When I first started creating PDF documents with PDFFlow I was surprised how easy and fast I was able to build PDF documents even with complex design and layouting of sections. I really like the intuitive naming of classes and methods, as well as a rich variety of options for formatting of the page elements that PDFFlow offers.
One of the features that impressed me the most is adding a table to a PDF document that spans multiple pages. This is a very common scenario for documents used in accounting, finance, education, commerce and retail. For example, quite often log books and warehouse inventories are presented in this format.
Suppose we need to create a 4 page car sales logbook to look as follows:
Getting a table to look like this, spanning multiple pages is rather challenging, despite it looking simple. In the rest of the article I will show you how to create this document using PDFFlow.
First, let's create a new .NET Core console app "MyLogBook". I use Microsoft Visual Studio 2019, other versions should work just fine.
Let's add Gehtsoft.PDFFlowlib library to our project. You can download it as a nuget package from NuGet Gallery | Gehtsoft.PDFFlowLib.
Or directly from Visual Studio's Nuget Package Manager as shown below:
Type the library name and install the latest version. Agree to the changes of the solution file and accept terms of licensing. Now, we can use the PDFFlow classes and methods in our project.
Let’s start building our document by creating an instance of a … you guessed it … DocumentBuilder class. I told you already that this library’s component names are pretty straightforward and intuitive, didn’t I?)
Each document consists of sections. A section may contain a single page or many pages. In our case, the document will have only one section. This section will contain all pages of our document.
I should mention here that for most documents generated using PDFFlow, adding one section is enough. An example for a document that may require more than one section is a book with multiple chapters. It may have chapter names written at the top of each page. In that case, we need to add sections to the document for each chapter of the book and configure the headers of the sections separately. Another reason to have separate sections is when you have different page sizes or orientation in the document, for example, the first section is in landscape format, and the rest are in portrait mode. Yet another reason is when you need different page numeration or page footers/headers for each different part of the document.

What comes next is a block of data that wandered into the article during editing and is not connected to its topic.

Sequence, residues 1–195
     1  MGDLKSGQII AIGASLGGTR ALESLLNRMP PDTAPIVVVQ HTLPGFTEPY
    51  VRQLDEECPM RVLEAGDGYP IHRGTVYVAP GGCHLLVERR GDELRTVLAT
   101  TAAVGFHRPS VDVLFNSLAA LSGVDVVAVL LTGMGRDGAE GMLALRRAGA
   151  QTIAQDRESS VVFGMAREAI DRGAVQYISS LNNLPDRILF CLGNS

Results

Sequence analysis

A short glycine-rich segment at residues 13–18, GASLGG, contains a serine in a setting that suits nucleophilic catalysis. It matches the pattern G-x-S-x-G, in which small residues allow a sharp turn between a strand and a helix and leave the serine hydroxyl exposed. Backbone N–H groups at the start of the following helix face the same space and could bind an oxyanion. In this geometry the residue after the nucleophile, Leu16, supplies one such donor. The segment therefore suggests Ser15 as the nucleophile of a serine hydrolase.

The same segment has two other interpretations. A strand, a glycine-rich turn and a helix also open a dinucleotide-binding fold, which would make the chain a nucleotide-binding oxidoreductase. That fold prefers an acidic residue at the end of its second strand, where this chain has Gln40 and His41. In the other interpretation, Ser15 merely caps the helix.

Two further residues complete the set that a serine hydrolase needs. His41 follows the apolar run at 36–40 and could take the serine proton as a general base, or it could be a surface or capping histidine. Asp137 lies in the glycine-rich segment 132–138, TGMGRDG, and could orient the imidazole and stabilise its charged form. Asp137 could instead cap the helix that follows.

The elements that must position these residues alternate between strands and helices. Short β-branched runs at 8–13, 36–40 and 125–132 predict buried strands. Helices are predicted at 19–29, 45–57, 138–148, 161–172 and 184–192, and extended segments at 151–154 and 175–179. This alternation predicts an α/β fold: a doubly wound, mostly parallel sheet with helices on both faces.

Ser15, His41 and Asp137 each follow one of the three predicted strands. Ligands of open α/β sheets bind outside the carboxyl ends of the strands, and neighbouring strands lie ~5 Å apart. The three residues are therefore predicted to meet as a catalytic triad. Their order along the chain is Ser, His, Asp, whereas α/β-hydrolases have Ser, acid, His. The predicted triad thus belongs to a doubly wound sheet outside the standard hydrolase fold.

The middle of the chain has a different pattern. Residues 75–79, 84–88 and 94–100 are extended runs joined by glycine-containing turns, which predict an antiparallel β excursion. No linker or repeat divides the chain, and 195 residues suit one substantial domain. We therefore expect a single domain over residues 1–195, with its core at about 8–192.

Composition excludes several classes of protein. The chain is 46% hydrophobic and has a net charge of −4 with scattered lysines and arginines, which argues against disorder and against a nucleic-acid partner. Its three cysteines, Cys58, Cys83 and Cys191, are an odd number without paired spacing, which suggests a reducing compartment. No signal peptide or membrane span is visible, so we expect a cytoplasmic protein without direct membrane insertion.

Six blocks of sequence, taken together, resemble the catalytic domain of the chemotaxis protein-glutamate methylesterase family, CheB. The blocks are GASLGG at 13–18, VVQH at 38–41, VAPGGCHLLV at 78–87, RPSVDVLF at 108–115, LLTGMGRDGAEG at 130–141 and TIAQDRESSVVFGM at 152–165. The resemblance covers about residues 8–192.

Okay, back to our logbook. We can define page size, orientation and margins right away, as well as the default font for the text using methods of the SectionBuilder class:
As you can see, our pages will be A4 size, landscape oriented, and all page margins are set to 50 points. Also, all the text in our document will be written in Courier, size 20, unless otherwise specified in the sub elements of the section.
Now let’s add a table, nothing difficult at all, just create an instance of a TableBuilder class:
PDFFlow has several special methods that can spread this table into multiple pages. You can use the SetMultiPageSpread method and define how many columns of the table should be on the first page, how many on the second page and so on. But for the simplicity sake, we will let the library do it for us and call the SetAutomaticMultipageSpreadMode method:
Our next step is to set the number of columns of the table; we will add them one by one. AddColumnPercentToTable() method of the library allows you to specify the width of the column as a percentage of the page width. We can write the column header here as well: